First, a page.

And, in either case, going through a process of due diligence allows potential partners, businesses, investors et al to learn more about who they're planning on doing business with.
This information is then used to help make a decision. Potential risks and pitfalls can (hopefully) be identified and the commercial or strategic value of what’s on the table can be backed up with evidence.
Unsurprisingly, where mergers and acquisitions or any such large investments are concerned, due diligence is a major step in getting those kinds of deals over the line.
But really, it’s something we should all be doing.
Ahead of signing any paperwork or making any formal commitments to enter into a new agreement, simply taking some time to better understand what you're getting in to and picking up on anything unexpected that may be a concern just makes good sense.
Whether you’re taking on a new director, looking for investment or simply meeting a company for a job interview, everyone can benefit from performing a bit of due diligence. After all, you wouldn’t agree to buy a car or rent a flat without looking at it first.
How to perform due diligence
Now, the intensity of any due diligence will ultimately depend on the value of the transaction, what’s at stake and what's potentially at risk. Using some of the examples above, a job candidate scoping out a business they've applied to may be satisfied after performing a few online searches, perhaps going as far as finding some reviews from former employees.
While a business on the hunt for new suppliers may be content with finding some reviews from existing customers, they may want to go one step further and check what industry accreditations they have, or if they're a member of their trade association.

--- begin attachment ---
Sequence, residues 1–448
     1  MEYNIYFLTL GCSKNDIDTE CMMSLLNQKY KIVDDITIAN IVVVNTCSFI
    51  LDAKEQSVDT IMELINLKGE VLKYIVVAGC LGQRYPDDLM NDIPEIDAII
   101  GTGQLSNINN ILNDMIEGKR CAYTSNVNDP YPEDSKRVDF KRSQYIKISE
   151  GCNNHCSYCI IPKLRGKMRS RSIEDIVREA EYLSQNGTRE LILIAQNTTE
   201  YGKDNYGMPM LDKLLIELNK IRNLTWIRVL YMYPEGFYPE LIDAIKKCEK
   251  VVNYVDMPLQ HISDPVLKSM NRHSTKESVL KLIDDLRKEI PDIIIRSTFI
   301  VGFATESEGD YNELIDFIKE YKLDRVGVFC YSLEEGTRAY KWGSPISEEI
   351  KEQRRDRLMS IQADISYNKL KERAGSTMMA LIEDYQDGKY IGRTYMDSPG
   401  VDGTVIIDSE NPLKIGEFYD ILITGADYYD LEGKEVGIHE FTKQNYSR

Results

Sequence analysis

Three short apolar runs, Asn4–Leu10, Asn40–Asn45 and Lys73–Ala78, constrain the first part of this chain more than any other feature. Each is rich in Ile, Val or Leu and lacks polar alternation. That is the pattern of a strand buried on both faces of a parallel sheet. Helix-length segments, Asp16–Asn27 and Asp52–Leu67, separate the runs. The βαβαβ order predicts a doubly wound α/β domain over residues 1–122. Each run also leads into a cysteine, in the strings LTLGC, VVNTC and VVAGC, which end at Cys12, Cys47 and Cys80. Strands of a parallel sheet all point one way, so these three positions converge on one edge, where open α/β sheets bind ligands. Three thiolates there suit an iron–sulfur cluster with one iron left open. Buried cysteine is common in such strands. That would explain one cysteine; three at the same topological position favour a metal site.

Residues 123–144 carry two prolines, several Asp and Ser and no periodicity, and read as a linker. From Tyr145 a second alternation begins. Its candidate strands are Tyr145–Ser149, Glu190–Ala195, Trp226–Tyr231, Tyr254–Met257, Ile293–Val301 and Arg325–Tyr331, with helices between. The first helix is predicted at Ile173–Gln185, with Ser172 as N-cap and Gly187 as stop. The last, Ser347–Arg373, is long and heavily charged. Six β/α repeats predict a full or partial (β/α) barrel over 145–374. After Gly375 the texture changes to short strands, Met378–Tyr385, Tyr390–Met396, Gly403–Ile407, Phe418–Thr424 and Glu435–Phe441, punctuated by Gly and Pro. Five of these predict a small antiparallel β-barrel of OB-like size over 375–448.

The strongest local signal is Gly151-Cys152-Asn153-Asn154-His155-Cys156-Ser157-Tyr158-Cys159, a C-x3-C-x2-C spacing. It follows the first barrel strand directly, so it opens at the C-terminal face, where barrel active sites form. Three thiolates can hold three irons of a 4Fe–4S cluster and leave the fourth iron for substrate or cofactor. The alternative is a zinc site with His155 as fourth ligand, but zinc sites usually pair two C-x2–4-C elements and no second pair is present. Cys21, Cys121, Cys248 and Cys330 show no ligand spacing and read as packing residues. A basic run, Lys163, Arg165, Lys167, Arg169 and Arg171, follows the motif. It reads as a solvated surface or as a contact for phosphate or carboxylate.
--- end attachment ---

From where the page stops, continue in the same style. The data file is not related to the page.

It's not just about expertise... it's about values too
If you’re a social enterprise or your business makes a point of being socially responsible, you may also want to check whether your partners take the same goals as you to heart, or at least know that they're not actively opposed to what you’ve set out to achieve.
Detailed due diligence
On the other hand, the due diligence requirements of large businesses or investors may be very detail focused, as you might expect. Such intensive due diligence would likely include both their requests to review documents, records and financial information as well as a series of further checks to make sure the information they've been provided is accurate.
Buf you’re needing to run a due diligence process to assess a large transaction or investment of your own, it'll likely be worth getting some expert help. Due diligence can be a long and difficult process, especially if you don’t know what information to look or who to get it from.
Angel investor due diligence
As discussed, angel investors, venture capitalists and anyone else making a large investment into your business will be looking into a lot of areas in very fine detail.
Think of those tense scenes in Dragon’s Den where a contestant's knowledge of their business, products and/or services are put on the spot for sustained questioning.
Thankfully, due diligence isn’t quite so stressful (or potentially awkward) but, like those contestants that get a public grilling when their numbers don’t quite make sense, investors won’t be afraid to walk away if you’re not able to provide the information and assurances they require.
So what might investors want to check during their due diligence?
To make sure you’re able to respond to an angel investor’s requests in an efficient and speedy manner, you can do your bit to make sure you’ve got as many of the necessary documents and information both to hand and up to date.
- Be ready to produce copies of any significantly impactful or valuable contracts. This is one of the most important steps of this kind of due diligence process, as these will provide evidence of your business’s obligations. Investors will likely want to see documents relating - but not limited - to the following… customer contracts, loans and other credit arrangements and even your employment contracts.